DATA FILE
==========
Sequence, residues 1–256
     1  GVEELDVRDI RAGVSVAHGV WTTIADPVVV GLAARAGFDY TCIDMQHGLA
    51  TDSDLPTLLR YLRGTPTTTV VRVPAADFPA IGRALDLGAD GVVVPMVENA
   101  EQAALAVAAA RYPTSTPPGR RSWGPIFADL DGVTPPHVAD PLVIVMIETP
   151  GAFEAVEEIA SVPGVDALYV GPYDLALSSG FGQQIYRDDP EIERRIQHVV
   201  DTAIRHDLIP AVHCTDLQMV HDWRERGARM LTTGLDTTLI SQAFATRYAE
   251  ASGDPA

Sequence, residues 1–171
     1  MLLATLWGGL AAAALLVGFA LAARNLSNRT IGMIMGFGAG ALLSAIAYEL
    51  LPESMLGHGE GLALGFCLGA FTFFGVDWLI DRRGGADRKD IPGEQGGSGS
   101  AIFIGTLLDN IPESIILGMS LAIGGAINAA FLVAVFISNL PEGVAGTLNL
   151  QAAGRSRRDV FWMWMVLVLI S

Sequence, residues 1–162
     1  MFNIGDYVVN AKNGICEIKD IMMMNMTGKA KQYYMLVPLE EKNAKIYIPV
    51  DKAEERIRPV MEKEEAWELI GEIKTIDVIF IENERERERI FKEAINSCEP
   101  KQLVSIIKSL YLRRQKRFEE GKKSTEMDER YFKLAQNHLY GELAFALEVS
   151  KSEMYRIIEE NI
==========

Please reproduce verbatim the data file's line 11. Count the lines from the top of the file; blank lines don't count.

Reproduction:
   101  AIFIGTLLDN IPESIILGMS LAIGGAINAA FLVAVFISNL PEGVAGTLNL